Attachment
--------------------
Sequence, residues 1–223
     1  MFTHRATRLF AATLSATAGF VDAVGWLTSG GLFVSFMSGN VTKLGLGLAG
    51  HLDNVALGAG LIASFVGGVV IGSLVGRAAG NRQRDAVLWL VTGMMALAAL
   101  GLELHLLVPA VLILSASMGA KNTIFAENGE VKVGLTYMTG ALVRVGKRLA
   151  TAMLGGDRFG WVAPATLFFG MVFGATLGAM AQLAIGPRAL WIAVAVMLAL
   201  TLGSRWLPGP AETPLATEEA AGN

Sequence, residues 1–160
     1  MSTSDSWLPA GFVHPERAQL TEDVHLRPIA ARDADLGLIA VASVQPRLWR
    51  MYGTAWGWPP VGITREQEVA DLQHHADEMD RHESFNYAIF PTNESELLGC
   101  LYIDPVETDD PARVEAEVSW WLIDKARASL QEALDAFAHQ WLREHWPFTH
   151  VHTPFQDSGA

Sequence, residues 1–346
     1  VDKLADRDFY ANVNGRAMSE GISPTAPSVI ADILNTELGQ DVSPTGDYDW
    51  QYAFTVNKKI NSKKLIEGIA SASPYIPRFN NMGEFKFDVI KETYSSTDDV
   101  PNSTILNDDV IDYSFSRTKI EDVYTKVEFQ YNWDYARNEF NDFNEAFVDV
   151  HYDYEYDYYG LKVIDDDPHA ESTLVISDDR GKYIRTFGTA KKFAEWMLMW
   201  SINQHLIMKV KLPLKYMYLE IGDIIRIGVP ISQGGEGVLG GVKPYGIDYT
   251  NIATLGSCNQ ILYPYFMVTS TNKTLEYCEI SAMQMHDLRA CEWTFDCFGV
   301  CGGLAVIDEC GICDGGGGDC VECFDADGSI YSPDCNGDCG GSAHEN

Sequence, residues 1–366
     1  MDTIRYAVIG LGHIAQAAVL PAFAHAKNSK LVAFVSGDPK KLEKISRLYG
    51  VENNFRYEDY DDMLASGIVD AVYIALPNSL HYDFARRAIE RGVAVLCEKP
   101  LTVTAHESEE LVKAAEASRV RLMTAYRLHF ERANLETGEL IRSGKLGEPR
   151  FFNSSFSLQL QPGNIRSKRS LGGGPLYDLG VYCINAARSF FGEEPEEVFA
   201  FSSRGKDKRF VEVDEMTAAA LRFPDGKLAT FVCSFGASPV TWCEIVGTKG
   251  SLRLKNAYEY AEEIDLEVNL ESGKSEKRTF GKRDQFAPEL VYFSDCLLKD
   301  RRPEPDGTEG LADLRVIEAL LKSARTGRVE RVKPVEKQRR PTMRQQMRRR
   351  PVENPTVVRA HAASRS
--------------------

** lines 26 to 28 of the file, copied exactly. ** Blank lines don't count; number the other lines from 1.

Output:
   251  SLRLKNAYEY AEEIDLEVNL ESGKSEKRTF GKRDQFAPEL VYFSDCLLKD
   301  RRPEPDGTEG LADLRVIEAL LKSARTGRVE RVKPVEKQRR PTMRQQMRRR
   351  PVENPTVVRA HAASRS